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Algorithmic System for Identifying Bird Radio-Echo and Plotting Radar Ornithological Charts

Dinevich, Leonid, Leshem, Yossi
The Ring 2009 v.29 no.1-2 pp. 3-39
aircraft, algorithms, birds, disasters, flight, migratory behavior, monitoring, radar, Africa, Europe, Israel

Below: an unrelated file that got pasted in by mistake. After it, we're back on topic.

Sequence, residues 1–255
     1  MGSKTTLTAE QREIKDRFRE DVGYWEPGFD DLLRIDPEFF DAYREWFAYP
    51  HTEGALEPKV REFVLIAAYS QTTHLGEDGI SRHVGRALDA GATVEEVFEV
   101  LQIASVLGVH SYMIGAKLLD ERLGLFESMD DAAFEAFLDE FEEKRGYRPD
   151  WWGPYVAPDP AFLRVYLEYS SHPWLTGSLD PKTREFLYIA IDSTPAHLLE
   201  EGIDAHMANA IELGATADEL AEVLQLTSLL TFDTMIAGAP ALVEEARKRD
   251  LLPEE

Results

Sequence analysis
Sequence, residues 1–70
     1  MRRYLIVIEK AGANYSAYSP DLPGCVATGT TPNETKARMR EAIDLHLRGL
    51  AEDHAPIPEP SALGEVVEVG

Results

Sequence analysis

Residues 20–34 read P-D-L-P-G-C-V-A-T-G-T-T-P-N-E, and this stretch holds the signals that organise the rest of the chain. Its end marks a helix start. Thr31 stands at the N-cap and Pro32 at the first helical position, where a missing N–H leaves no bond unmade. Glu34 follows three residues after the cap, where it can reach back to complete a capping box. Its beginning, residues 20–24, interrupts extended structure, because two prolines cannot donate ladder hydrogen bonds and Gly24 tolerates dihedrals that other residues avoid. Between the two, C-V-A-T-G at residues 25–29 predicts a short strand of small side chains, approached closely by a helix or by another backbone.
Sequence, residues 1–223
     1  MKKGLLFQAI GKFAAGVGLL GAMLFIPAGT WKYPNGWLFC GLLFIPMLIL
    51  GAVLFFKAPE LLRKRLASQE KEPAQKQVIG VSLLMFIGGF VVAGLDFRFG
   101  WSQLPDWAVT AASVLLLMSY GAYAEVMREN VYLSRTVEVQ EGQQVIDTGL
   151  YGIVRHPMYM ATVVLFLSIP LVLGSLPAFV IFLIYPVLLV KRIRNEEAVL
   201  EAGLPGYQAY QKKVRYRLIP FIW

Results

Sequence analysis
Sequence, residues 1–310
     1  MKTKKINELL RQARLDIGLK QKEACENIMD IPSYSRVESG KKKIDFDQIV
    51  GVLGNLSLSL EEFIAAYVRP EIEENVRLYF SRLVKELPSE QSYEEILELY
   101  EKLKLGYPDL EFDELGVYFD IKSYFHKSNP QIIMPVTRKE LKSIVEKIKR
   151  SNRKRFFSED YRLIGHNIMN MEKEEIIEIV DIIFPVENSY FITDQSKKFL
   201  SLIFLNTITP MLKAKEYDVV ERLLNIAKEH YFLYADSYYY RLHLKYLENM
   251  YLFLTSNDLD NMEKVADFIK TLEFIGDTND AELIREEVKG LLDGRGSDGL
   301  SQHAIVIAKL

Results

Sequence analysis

The territory of Israel is a route for major bird migration from Europe and certain areas in Asia and Africa and back. During the period of intensive migration, the average density of birds may reach over 500 birds per a square kilometre of the air. These figures, alongside with the fact the air over the country is saturated with aircraft, makes it an urgent task to find solutions for prevention of disasters caused by aircraft-bird collisions.In the present paper, a new algorithm is proposed aimed at identifying bird radar echoes against the background of other reflectors. The implementation of the algorithm has made it possible to improve the computerised radar system for bird monitoring developed earlier in Israel on the basis of MRL-5 meteorological radar station. The time needed for echo selection has been significantly reduced, while the trustworthiness of the ornithological data provided by the algorithm has increased. The new algorithm utilizes several echo properties that have been added to the algorithm previously developed by the authors, the most important of them being the pattern of echo movement. These properties in combination with a set of techniques used for their identification enabled to isolate the echo from moving birds against the background of other objects (ground clutter, clouds, atmospheric inhomogeneities, aircraft, etc.) at the accuracy level sufficient for operational purposes. The information on echo movement was used for plotting flight vectors (velocity and direction) of individual birds and bird groups. On the basis of movement pattern, four types of movement were distinguished: straightforward at non-uniform velocity; straightforward at uniform velocity; significant deviation from a straight line, non-uniform velocity and chaotic undirected shifts. The system enables on-line plotting of operational ornithological charts every 15-30 min, including charts that combine meteorological and bird monitoring data, to be provided to air traffic control services. This makes the proposed radar ornithological system an efficient means of maintaining air traffic safety in complicated meteorological and ornithological conditions.